Other animals you can look for on safari in Tarangire include hippos, cheetahs, buffaloes, zebras and giraffes. The park’s antelopes include wildebeests, hartebeests, kudus, oryxes, elands, gazelles and impalas. Also look for baboons, vervet monkeys, dwarf mongooses and African wild dogs.
Tarangire boasts more than 550 species of birds. Its bird population is one of the most diverse in all of Africa! Many of the birds, like flamingos and hornbills, are drawn to the park for its swamps. When visiting Tarangire, keep a keen eye open for the kori bustard. This is the heaviest flying bird in the world. You can also look for stocking-thighed ostriches, which might just have the best name of any bird ever! Another beauty to try to spot is the yellow-collared lovebird, or masked lovebird. They often hang out in pairs or colonies, and make a colourful little splash on the landscape.
Interesting fact: Tarangire has more breeding species of birds than anywhere else on Earth!
The best time of year to visit Tarangire National Park is during the dry season, which is June to October. In the dry season, thousands of zebras and wildebeests migrate to the park. They’re drawn by the waters of Tarangire River, which flows through the middle of the park. This is the only stable water source in the region during the dry period. So you can understand why such a concentration and diversity of animals flock to the park in summer.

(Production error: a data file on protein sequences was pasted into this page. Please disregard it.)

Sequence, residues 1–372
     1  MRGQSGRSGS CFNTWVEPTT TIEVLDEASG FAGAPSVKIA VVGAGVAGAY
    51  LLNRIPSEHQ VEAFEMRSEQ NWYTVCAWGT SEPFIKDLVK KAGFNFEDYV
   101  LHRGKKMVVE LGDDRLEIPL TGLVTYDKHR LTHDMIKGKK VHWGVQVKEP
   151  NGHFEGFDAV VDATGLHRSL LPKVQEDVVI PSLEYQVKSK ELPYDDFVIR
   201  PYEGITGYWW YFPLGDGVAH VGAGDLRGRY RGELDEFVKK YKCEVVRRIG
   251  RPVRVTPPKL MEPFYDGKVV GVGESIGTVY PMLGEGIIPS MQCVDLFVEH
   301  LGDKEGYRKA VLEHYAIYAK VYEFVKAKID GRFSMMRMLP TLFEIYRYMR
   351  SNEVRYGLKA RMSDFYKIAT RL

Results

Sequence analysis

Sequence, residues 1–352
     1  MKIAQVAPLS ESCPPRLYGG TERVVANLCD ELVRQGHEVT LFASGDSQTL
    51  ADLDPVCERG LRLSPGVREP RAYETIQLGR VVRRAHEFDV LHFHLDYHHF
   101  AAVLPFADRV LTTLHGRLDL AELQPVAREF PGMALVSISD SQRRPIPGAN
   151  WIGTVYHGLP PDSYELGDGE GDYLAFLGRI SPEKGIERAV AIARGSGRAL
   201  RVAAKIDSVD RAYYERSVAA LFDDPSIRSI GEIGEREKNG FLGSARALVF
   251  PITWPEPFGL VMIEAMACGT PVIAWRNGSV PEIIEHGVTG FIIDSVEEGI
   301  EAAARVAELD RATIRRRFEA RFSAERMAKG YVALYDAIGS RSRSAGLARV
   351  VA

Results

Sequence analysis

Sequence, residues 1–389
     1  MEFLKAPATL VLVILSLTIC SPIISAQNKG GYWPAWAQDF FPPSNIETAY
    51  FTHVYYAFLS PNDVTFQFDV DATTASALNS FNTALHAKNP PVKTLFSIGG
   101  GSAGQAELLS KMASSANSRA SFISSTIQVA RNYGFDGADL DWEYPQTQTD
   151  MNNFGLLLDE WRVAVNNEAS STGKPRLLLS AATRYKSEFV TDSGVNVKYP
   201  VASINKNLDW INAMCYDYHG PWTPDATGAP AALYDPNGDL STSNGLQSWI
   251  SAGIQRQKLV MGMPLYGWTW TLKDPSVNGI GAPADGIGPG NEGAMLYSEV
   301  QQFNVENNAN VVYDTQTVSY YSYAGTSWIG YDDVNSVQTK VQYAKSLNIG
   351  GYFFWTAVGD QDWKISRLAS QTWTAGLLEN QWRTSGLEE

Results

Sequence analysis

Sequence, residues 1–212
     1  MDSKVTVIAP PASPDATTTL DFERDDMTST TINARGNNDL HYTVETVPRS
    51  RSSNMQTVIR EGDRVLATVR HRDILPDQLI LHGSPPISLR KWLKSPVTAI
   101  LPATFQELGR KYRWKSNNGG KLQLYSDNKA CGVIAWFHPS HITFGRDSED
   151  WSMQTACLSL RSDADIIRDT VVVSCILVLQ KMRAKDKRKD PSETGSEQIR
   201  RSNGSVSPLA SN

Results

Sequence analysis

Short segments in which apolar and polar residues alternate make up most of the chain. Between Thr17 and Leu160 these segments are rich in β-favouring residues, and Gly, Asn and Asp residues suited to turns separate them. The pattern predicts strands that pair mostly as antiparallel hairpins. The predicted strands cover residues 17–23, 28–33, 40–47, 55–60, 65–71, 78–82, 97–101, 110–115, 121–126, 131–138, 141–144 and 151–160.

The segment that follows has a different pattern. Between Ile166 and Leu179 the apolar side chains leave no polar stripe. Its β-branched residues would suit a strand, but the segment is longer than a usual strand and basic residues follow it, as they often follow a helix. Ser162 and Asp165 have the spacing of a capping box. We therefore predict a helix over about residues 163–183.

The vegetation of the park is also sparser at this time of year, making game spotting that much better. And if that weren’t enough, the scarcity of water forces the animals to congregate at the river. So spotting plentiful large game in the dry season is simply a given in Tarangire.
The wet season, which is November to May, is the park’s off-peak season. This is because the migratory animals have headed back north. The park still has plenty of resident wildlife during this time, however. And if you enjoy a lush landscape, and an even quieter safari, then this is a good time to visit. The southern portion of the park, being a little bit of a further drive from Arusha, is especially quiet.
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During the dry season (June to October), Tarangire has the highest concentration of mammals of any of Tanzania’s national parks.